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Planning a wedding? When to put a pre-nuptial agreement in place

03 July 2024

As lots of couples look to tie the knot over the spring and summer months, it is often a popular time to approach solicitors about putting a pre-nuptial agreement in place.

If you’re planning a wedding and thinking about a pre-nuptial agreement, it’s important to consider that it should be signed at least 28 days before a marriage ceremony takes place. This timescale helps to ensure that neither party has been pressurised or unduly influenced by the other to enter into the agreement shortly before the wedding.

Signing the pre-nuptial agreement is the final stage of the process. Beforehand, a family lawyer will need to obtain detailed information about the parties, any children, their property and finances and what they wish to achieve by having the agreement in place.

The first draft of the document can then be prepared and circulated for both parties and their lawyers to negotiate, complete the financial disclosure schedules and finalise its terms.

If the couple has not already discussed and agreed these issues between them before instructing lawyers, then negotiations can take some time to conclude.

It’s important not to rush the process or treat it as a minor detail to be ticked off the wedding to do list. For this reason, we recommend starting the process of putting a pre-nuptial agreement in place three to six months prior to the date of the wedding.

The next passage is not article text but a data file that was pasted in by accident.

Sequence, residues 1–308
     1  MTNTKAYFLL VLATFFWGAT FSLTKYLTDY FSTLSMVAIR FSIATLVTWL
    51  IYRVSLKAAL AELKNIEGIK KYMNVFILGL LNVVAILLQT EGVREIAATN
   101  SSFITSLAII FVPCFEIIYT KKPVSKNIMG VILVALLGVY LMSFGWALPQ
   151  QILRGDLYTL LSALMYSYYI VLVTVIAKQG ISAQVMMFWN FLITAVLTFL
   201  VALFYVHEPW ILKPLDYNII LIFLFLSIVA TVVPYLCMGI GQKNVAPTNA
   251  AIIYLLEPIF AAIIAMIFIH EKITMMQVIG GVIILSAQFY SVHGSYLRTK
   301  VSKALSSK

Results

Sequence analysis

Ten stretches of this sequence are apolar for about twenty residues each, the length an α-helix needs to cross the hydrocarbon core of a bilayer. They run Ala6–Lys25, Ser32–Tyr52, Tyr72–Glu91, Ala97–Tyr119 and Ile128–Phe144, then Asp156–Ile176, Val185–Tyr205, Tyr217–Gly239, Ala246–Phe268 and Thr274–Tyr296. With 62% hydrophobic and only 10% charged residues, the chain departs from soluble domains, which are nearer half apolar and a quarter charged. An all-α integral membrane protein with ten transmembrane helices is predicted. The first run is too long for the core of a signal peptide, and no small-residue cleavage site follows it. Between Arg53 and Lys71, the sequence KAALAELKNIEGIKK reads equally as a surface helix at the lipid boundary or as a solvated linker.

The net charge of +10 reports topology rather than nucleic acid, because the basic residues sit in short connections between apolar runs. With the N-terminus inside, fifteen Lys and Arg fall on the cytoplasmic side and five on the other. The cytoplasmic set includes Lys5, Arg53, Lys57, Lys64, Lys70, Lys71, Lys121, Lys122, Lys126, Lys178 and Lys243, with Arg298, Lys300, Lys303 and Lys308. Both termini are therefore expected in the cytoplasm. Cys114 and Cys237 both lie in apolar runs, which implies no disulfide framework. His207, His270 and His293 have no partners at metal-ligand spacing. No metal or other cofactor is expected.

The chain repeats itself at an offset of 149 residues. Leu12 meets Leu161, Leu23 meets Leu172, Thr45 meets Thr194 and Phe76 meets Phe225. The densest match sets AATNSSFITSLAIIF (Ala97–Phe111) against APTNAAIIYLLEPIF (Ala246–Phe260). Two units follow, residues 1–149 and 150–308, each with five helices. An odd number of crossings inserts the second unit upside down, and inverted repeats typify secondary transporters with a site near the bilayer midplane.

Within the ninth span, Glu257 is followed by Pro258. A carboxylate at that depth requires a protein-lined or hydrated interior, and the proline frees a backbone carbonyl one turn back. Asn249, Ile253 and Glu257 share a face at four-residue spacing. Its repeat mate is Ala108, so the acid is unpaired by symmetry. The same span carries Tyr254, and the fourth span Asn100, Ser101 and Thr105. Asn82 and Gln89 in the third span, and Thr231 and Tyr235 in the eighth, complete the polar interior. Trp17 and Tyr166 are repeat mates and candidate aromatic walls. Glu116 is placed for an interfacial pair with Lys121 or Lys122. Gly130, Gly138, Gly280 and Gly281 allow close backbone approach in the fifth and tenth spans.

However, if you approach a family lawyer about a pre-nuptial agreement too close to the wedding date, all is not lost. In these circumstances, we would advise both parties to enter into a post-nuptial agreement in the exact same terms to ratify the pre-nuptial agreement that has been signed within 28 days of the wedding.

Of course, there is risk that the financially weaker party may decide not to sign a post-nuptial agreement leaving a potential argument of undue influence open should the agreement be challenged in future years. If this is the case, uncomfortable conversations may well ensue. It is much better to think and plan ahead, and be realistic about the time needed for agreements like this to be properly considered and completed.

For more information on putting a pre-nuptial agreement in place, please get in touch with our family team who will be happy to assist you. You can also take a look at our complete guide to putting a pre-nuptial agreement in place.

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Disclaimer: All legal information is correct at the time of publication but please be aware that laws may change over time. This article contains general legal information but should not be relied upon as legal advice. Please seek professional legal advice about your specific situation - contact us; we’d be delighted to help.
Kristie Silsby LLB (Hons)
Associate, solicitor
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